Talks with India to resolve LAC tension not delayed: China
China said it was in contact with India to hold the 11th meeting of military commanders to resolve the tension along the Line of Actual Control (LAC) in eastern Ladakh but did not confirm the date for the talks.
Responding to a question on the meeting, the Chinese foreign ministry on Thursday blamed India for the “situation” at the border but denied that the talks have been delayed though the 10th round was held on February 20, nearly seven weeks ago.
News reports from India had said that New Delhi and Beijing were likely to hold the next round of corps commander level talks on Friday where the two sides were expected to focus on disengaging troops from the remaining friction points in eastern Ladakh.
The two militaries had completed the withdrawal of frontline troops with armoured formations and artillery from the banks of Pangong Lake ahead of February 20 negotiations.
“China and India are in communication for holding the 11th round of talks. There is no delayed meeting as you cited,” ministry spokesperson, Zhao Lijian said.
“I have no information about the upcoming talks,” he said, responding to a related question. “I want to stress that the merits of the situation at (the) India- China border are very clear and the responsibility does not rest with the Chinese side.”
“We hope the Indian side will work with China to follow through the important consensus of our two leaders, abide by relevant agreements and treaties to de-escalate the tension at the border,” Zhao added.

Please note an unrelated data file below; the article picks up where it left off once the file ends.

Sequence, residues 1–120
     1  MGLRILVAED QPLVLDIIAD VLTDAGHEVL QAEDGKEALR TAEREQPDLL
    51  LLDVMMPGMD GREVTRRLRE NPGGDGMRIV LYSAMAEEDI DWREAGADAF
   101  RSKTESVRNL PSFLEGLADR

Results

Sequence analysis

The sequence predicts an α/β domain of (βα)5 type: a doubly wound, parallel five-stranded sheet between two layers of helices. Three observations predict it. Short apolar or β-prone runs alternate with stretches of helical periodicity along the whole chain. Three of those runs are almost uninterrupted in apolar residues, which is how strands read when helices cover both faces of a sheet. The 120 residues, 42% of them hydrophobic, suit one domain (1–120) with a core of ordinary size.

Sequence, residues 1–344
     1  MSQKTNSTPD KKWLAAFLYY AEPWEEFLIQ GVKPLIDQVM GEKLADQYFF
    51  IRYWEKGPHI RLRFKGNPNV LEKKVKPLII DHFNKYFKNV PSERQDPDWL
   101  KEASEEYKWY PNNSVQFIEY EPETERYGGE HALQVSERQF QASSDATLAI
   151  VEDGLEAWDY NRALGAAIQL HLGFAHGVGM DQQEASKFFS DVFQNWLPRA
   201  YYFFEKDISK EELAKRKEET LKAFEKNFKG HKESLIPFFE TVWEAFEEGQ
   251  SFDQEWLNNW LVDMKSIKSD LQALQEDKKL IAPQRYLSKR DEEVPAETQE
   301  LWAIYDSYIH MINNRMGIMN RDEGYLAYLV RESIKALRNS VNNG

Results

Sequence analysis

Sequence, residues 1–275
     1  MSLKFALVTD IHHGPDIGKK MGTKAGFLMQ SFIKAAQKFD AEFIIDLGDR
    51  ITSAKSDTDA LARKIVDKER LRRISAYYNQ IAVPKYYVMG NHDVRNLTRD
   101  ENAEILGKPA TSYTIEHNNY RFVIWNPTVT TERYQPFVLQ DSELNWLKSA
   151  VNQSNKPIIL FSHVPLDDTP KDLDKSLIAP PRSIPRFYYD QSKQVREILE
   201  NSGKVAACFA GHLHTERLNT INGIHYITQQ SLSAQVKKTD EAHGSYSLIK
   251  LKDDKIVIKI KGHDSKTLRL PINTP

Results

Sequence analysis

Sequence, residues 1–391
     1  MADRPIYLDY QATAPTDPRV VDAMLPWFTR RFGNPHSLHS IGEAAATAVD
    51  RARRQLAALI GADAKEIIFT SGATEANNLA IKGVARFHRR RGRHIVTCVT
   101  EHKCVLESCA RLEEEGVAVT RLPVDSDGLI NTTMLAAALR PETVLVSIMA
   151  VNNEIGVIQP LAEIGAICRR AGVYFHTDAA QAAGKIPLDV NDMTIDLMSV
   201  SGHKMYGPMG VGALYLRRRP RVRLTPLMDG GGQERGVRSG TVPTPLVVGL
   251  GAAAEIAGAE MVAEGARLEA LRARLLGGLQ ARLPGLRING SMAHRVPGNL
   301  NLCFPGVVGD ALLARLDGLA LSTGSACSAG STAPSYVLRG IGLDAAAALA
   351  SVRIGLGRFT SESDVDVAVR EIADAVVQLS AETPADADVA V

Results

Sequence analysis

To a question on whether China will consider India’s proposal of restoring the status quo of April 2020, Zhao said: “For the proposal you mentioned I believe it should be talked in the meetings and I already made clear my position on the border issue just now.”
On March 12, Indian and Chinese diplomats had agreed to ensure stability in the Ladakh sector of the LAC and to convene the 11th meeting of senior military commanders soon to take forward disengagement and de-escalation at friction points on the disputed border.
Those outcomes were agreed upon during a virtual meeting of the Working Mechanism for Consultation and Coordination (WMCC) on border affairs between the two countries.
According to India’s external affairs ministry, it had been agreed at the WMCC meet to convene the 11th meeting of the senior military commanders “at an early date so that two sides could work towards complete disengagement from the remaining friction areas”.
The Chinese readout on the same meeting had noted that the two sides had positively evaluated the disengagement at Pangong Lake and had a candid and in-depth exchange of views on promoting resolution in other areas.
It added that the two sides had agreed to stabilise the situation on the border and avoid any “repetition of the situation on the ground in accordance with the five-point consensus reached at the Moscow meeting of the two foreign ministers and the spirit of their February 25 phone call”.
The two neighbours have been locked in a standoff since May last year after Chinese troops impeded patrols by Indian forces.
A brutal clash at Galwan Valley last June - which left 20 Indian soldiers and at least four Chinese troops dead and was the first incident on the LAC involving fatalities since 1975 - took bilateral ties to an all-time low.
India has insisted that China’s actions on the LAC have seriously damaged bilateral ties and normalcy can be restored only by disengagement, de-escalation and restoration of the status quo on the border.